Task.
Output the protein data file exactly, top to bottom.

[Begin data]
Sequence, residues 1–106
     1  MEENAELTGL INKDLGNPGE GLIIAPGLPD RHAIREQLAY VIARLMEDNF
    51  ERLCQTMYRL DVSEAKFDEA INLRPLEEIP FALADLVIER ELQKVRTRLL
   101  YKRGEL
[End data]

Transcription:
Sequence, residues 1–106
     1  MEENAELTGL INKDLGNPGE GLIIAPGLPD RHAIREQLAY VIARLMEDNF
    51  ERLCQTMYRL DVSEAKFDEA INLRPLEEIP FALADLVIER ELQKVRTRLL
   101  YKRGEL